Philosophy 202
Great Traditions of Western Thought
The Modern Period

Reading Questions on Berkeley, #2 

In the Third Dialogue, Hylas emerges once more to take on Philonus' claims about material things.  This allows Philonus to explain his view of the world more clearly, one that he asserts accords with the beliefs of common people.

1.  A first object of Philonus' attack is Locke's claim that human knowledge is limited.  What is Locke's view and how does Philonus dismiss it?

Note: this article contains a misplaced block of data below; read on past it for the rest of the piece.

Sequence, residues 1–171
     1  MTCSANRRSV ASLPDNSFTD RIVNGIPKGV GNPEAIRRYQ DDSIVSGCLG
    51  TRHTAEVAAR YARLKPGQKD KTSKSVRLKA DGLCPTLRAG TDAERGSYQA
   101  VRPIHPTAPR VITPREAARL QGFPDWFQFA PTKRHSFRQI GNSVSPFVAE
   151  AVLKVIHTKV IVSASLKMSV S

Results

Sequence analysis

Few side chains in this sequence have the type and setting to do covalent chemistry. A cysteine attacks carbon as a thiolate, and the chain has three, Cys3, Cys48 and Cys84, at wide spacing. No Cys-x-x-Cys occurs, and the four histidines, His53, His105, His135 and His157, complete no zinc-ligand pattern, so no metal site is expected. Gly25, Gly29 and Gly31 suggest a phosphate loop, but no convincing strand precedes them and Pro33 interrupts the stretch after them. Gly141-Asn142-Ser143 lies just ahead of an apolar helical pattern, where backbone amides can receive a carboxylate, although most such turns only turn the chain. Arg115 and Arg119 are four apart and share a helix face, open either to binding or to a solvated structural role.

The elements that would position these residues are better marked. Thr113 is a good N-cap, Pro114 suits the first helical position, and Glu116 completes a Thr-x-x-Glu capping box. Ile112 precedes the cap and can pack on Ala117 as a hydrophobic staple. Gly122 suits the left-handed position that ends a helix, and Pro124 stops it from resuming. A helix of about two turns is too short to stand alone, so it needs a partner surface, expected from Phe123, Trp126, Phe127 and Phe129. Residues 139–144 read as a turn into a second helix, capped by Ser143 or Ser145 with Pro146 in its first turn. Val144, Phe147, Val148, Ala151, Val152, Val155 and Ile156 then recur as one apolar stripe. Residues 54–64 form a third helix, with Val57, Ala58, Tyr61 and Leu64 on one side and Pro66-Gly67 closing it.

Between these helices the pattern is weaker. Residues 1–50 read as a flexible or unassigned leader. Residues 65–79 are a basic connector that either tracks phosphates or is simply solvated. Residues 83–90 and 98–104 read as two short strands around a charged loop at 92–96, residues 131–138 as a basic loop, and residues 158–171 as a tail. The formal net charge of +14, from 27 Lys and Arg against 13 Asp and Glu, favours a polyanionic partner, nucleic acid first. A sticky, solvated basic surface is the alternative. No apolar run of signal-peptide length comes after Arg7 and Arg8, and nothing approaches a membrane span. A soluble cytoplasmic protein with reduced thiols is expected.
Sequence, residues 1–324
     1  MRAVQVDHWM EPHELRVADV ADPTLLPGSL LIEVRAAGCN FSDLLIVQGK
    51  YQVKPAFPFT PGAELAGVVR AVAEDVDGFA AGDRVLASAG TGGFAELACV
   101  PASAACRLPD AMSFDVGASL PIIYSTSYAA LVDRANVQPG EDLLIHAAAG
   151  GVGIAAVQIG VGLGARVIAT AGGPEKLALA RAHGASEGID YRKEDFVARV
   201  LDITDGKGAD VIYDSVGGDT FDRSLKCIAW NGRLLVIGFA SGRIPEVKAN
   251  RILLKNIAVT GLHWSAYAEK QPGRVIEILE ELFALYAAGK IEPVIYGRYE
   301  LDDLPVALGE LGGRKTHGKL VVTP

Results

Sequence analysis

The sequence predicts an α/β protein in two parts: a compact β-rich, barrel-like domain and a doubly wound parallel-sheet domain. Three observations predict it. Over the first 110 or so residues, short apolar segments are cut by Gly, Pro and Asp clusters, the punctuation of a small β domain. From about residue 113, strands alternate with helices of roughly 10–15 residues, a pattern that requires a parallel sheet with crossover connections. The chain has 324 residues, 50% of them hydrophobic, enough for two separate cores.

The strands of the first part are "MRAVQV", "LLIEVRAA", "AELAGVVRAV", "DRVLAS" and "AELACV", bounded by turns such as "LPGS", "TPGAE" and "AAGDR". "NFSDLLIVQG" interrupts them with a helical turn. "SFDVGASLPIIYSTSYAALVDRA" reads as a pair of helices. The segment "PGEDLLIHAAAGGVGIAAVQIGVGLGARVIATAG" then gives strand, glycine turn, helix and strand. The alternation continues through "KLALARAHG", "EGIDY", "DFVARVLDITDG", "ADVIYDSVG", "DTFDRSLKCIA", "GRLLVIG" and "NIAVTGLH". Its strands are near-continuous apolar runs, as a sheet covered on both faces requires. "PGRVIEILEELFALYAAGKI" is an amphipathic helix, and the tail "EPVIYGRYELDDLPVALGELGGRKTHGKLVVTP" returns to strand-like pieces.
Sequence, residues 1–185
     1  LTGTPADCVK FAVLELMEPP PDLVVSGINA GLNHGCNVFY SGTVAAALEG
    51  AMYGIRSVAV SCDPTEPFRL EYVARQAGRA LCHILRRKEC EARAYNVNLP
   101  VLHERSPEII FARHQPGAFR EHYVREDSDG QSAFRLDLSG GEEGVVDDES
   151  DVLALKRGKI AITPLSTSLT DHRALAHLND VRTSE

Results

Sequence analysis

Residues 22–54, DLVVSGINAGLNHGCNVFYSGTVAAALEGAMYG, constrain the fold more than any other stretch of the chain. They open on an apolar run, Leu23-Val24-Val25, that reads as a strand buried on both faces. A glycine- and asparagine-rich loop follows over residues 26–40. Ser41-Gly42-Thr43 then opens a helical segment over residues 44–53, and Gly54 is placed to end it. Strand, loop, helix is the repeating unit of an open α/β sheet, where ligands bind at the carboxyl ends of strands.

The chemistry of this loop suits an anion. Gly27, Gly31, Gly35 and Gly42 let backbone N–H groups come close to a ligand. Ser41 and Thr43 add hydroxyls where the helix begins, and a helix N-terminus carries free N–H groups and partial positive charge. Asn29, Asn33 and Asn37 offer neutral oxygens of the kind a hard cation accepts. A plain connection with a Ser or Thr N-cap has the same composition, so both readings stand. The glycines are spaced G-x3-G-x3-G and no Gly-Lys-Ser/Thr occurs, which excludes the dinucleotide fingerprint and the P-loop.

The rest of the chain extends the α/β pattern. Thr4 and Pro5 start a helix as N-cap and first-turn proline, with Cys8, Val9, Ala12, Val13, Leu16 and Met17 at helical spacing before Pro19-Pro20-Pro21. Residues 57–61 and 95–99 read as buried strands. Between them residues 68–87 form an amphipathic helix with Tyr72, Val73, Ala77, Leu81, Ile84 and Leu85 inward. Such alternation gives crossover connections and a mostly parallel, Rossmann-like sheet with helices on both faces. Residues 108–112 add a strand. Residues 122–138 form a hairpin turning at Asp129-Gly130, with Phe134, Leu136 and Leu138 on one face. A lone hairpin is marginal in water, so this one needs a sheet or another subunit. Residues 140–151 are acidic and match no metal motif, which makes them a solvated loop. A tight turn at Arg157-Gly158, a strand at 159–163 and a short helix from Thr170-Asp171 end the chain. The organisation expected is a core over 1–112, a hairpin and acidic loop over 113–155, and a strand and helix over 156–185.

2.  Philonus claims that he has no idea of God, yet he is able to think about him.  How is he able to do that?

3.  In what ways in Berkeley a Cartesian?

4.  How does Philonus distinguish between perception and imagination?

5.  Do you agree with Philonus that his view is really the view of the common person? Why or why not?

6.  Hylas objects that Philonus cannot account for the truth of the Biblical account of creation.  How does Philonus attempt to do this?  Do you think he is successful?

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